In additional to the fabulous food, there is a wealth of seating options and one of my favourite things of the evening: pool tables, shuffle board, foosball and an old-school video game set-up. What is it like there? Well Trish tells me, “It’s a fun place to hangout! Seriously, it has almost a house party vibe to it. I love the fact that we have a shuffleboard table, my grandparents always had one in their basement. Plus, the food that we serve is stuff that is fun to share, and what you might serve at home on game day, or at a tailgate.” It was so casual and fun, that I saddled up to the shuffle board table and took in a game. Reminded me of my childhood days.








It is true. You can saddle yourself up there on a Sunday (the day that I originally went there with cohort Yuli) for their Tailgate Special, which is $18 per person and includes many offerings from the menu including Beef Short Ribs. But if that isn’t your thing, they have just also introduced a brunch menu, which offers up a Breakfast Burger and Eggs Benny that changes weekly.

The Dock Ellis is still in its infancy but if the food and atmosphere in the restaurant is any indication of things to come, I think it will be doing quite alright. Chef Trish tells me, “The menu will be ever-evolving. I am looking forward to changing it up every month. We have such a small menu that it really is important. I want to keep it small to ensure we are putting out great food.” Thankfully, the nachos are there to stay. New watering hole, here I come!



The (not so secret) Society of Beer Drinking Ladies of Toronto

Thanks to the wonders of the Internet, I came across a fabulous group of ladies who were taking their love of craft beer and doing something about it. It was a craft beer support system by ladies and for ladies and the group was called The Society of Beer Drinking Ladies (SOBDL).


With their first event coming up Friday January 31, 2014 – I decided to chat with The Society (including Jen Shute, Erica Campbell, Magenta Suzanne and Jamie) to give me all the “hops” on what people can expect and just exactly who they are and what their take is on the craft beer scene here in Toronto.

FGFS: Let’s start from the beginning, why was the Society created and how did it come to be?

SOBDL: We started because we are a bunch of beer explorers who want to create a community of women in the beer industry and those who love craft beer to connect, network, celebrate and enjoy craft beer and to cheers lady awesomeness. 

FGFS: What kind of potential do you see for craft beer in Toronto?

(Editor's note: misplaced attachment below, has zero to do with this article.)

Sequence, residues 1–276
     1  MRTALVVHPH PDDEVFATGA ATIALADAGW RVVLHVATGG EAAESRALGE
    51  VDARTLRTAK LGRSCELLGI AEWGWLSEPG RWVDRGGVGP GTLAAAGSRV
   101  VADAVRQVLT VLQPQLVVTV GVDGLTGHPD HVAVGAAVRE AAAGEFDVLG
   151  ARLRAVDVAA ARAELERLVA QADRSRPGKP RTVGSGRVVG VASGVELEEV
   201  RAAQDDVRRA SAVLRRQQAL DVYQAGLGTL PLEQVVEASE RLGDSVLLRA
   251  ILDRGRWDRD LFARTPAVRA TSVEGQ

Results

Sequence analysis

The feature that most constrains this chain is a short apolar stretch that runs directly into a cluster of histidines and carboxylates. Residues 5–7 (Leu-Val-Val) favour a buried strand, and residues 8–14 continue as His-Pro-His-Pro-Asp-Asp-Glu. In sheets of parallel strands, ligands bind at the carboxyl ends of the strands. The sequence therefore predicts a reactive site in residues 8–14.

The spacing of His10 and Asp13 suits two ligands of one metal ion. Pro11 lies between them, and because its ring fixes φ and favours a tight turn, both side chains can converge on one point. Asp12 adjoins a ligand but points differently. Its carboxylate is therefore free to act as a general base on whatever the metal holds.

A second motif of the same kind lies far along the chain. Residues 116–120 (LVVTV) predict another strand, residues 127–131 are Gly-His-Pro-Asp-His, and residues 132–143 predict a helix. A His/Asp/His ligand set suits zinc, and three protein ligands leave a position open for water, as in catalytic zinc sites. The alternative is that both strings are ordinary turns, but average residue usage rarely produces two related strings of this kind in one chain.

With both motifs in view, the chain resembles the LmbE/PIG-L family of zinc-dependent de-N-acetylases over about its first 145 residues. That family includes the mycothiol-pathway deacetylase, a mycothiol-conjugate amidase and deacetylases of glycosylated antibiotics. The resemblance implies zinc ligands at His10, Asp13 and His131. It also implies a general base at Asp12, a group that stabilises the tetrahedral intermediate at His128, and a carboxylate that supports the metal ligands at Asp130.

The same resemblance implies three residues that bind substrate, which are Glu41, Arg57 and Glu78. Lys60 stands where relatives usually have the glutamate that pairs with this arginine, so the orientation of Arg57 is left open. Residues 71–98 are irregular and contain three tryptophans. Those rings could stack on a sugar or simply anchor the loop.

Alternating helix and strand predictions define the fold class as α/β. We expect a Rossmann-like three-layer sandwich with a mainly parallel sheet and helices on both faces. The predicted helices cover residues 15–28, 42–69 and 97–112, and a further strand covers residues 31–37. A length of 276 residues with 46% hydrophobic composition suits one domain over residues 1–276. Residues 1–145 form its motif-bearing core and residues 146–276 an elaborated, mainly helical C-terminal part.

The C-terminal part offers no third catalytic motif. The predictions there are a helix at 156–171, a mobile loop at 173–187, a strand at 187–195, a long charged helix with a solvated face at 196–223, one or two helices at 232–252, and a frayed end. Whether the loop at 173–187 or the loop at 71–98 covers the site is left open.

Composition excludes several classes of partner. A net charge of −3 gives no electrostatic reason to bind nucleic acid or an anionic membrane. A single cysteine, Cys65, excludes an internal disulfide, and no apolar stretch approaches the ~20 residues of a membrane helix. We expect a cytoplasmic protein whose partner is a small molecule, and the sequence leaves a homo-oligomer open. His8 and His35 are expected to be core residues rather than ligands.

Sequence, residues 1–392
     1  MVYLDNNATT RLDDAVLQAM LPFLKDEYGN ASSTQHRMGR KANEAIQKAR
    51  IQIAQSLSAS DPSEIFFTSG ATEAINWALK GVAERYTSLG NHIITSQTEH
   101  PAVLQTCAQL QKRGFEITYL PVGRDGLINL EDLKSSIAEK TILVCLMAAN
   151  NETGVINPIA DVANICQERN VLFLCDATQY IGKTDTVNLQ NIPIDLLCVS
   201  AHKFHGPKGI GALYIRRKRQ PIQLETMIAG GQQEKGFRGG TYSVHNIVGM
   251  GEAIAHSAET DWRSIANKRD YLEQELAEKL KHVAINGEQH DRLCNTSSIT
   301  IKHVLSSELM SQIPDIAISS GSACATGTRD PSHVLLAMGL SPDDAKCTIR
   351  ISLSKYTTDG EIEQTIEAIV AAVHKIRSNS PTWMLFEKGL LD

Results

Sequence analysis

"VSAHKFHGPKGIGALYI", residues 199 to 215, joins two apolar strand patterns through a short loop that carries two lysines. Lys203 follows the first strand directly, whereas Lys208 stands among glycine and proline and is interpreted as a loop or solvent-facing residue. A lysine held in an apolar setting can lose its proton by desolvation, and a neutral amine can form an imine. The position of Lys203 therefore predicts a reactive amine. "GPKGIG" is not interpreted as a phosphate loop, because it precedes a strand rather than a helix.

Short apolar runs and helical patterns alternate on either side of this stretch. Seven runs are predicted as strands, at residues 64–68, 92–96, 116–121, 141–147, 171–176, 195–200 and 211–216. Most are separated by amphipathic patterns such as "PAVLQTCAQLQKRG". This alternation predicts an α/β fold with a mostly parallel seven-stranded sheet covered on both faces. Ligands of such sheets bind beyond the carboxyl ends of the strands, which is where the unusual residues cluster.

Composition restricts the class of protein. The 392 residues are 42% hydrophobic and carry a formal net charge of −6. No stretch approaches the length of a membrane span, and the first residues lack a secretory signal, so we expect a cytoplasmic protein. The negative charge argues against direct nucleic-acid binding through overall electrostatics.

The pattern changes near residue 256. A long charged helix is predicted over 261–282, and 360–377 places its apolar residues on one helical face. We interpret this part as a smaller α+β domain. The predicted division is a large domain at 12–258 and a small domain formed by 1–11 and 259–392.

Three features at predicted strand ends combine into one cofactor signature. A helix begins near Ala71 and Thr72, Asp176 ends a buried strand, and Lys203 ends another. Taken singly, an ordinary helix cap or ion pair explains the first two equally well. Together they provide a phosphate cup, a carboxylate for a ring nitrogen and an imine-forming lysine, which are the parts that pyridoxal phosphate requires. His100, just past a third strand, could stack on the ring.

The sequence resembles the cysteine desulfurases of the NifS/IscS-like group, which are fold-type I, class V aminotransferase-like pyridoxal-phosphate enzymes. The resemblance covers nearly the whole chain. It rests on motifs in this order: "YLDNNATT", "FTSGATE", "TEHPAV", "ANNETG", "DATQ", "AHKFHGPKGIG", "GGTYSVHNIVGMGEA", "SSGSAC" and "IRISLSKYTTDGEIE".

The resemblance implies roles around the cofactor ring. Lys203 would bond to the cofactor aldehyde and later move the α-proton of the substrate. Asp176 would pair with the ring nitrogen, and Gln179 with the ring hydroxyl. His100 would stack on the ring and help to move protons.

SOBDL: It has gotten so exciting in the past five years and there is so much to discover. The home brew network has grown so much with Brahaus events and Toronto Brewing opening up a store. We have a female master cicerone living in Toronto and some amazing female beer personalities writing for Toronto publications. 

The Toronto beer bars are exploding and every night of the week you can try something you have never heard of.

From Cask Days, Roundhouse, and Session there are so many sweet Toronto Events and Festivals to bring the craft beer community together. 

FGFS: How did you all get into craft beer?

Magenta: I got into craft beer because I am from the Maritimes and it is in my blood! I am passionate about all things local, sustainable and low impact manufacturing.

Jaime: Through my cupcake company (The Sassy Lamb), I started making beer cupcakes for events and that opened my eyes to all the craft beer out there. I started working at McAuslan Brewery doing tasting events and now I find myself promoting many local breweries at an array of festivals.

Erica: I really started exploring beers while living in Montreal for school. Coming back to Toronto I decided to leave the teaching industry and dove into the wonderful world of craft beer and haven’t looked back since.

Jennifer: It started for me when I realized how much I liked porters. That opened me up to trying different beers at the LCBO. Now I love to try anything new I can get my hands on, the stronger the better!

Renee: I got into craft beer by accident, a friend had come over with a beer that just didn’t taste like what the “big guys” were putting out on the market. After that one beer, I was hooked! Who knew that beer could be that amazing?!?!?!


FGFS: How are you ladies looking to change the landscape of female craft beer drinkers?

SOBDL: We are looking to take away the stigma that drinking beer is masculine. Women have always played a key role in beer production. We want to explore the possibilities of beer, food and cocktails. We hope to provide a space for women who love beer who wouldn’t have the opportunity to get together otherwise. 

FGFS: What are some challenges people have with craft beers (getting into them, appreciating them, etc.)?